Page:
Thursday, March 18, 2010

Rampant denialism

These past few days, I have been laid low by a tiny, vicious bug, one that made me unable to raise my head off the pillow or drag myself to the keyboard to connect with the world. Consequently, when I finally was able to make that trek from my bed to the chair in front of my computer today, I found my Google Reader full to overflowing with posts from the blogs that I follow.

Skimming through those posts, there were a number of very interesting ones to which I need to give further thought, but one in particular caught my eye. It was an entry from Skeptical Science about a peer-reviewed scientific paper that explores the roots and the methods of scientific denialism. Here, I quote extensively from that post.

The authors define denialism as "the employment of rhetorical arguments to give the appearance of legitimate debate where there is none, an approach that has the ultimate goal of rejecting a proposition on which a scientific consensus exists". They go on to identify 5 characteristics common to most forms of denialism:

1.Conspiracy theories
When the overwhelming body of scientific opinion believes something is true, the denialist won't admit scientists have independently studied the evidence to reach the same conclusion. Instead, they claim scientists are engaged in a complex and secretive conspiracy. The South African government of Thabo Mbeki was heavily influenced by conspiracy theorists claiming that HIV was not the cause of AIDS. When such fringe groups gain the ear of policy makers who cease to base their decisions on science-based evidence, the human impact can be disastrous.

2.Fake experts
These are individuals purporting to be experts but whose views are inconsistent with established knowledge. Fake experts have been used extensively by the tobacco industry who developed a strategy to recruit scientists who would counteract the growing evidence on the harmful effects of second-hand smoke. This tactic is often complemented by denigration of established experts, seeking to discredit their work. Tobacco denialists have frequently attacked Stanton Glantz, professor of medicine at the University of California, for his exposure of tobacco industry tactics, labelling his research 'junk science'.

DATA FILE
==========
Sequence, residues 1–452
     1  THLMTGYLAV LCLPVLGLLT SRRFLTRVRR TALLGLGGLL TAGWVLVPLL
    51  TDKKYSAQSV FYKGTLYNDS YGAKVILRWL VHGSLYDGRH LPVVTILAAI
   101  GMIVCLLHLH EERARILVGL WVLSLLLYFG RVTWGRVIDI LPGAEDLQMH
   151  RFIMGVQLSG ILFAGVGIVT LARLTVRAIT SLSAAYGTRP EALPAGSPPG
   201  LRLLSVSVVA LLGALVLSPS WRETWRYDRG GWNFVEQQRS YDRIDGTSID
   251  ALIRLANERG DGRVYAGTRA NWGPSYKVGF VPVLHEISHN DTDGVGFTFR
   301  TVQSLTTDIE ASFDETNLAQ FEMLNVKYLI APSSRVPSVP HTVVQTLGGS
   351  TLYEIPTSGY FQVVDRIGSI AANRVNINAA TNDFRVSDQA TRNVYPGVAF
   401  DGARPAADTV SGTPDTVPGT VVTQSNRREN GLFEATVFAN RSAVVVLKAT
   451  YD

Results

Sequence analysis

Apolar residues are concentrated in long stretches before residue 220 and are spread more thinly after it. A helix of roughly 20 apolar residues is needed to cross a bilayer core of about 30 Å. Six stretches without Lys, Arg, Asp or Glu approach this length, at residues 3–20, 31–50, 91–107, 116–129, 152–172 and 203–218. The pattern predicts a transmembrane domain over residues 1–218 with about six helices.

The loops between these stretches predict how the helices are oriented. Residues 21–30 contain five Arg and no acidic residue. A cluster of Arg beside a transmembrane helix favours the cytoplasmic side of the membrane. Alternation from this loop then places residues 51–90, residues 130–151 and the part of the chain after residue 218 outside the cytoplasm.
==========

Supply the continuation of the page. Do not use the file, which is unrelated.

3.Cherry picking
This involves selectively drawing on isolated papers that challenge the consensus to the neglect of the broader body of research. An example is a paper describing intestinal abnormalities in 12 children with autism, which suggested a possible link with immunization. This has been used extensively by campaigners against immunization, even though 10 of the paper’s 13 authors subsequently retracted the suggestion of an association.

4.Impossible expectations of what research can deliver

The tobacco company Philip Morris tried to promote a new standard for the conduct of epidemiological studies. These stricter guidelines would have invalidated in one sweep a large body of research on the health effects of cigarettes.

5.Misrepresentation and logical fallacies
Logical fallacies include the use of straw men, where the opposing argument is misrepresented, making it easier to refute. For example, the US Environmental Protection Agency (EPA) determined in 1992 that environmental tobacco smoke was carcinogenic. This was attacked as nothing less than a 'threat to the very core of democratic values and democratic public policy'.

Why is it important to define the tactics of denialism? Good faith discussion requires consideration of the full body of scientific evidence. This is difficult when confronted with rhetorical techniques which are designed to distort and distract. Identifying and publicly exposing these tactics are the first step in redirecting discussion back to a focus on the science.

It is clear to anyone with eyes to see and ears to hear that these methods of denialism do not exist only in the world of science, although they may be most virulent and harmful there. They are certainly rampant in the world of politics and even religion in this country where it is impossible to have a rational, "good faith," discussion with a certain segment of the population which is enthralled by a web of conspiracy theories, fake experts, and cherry picking of information. For confirmation, just spend any hour of the day watching the Fox News Network.

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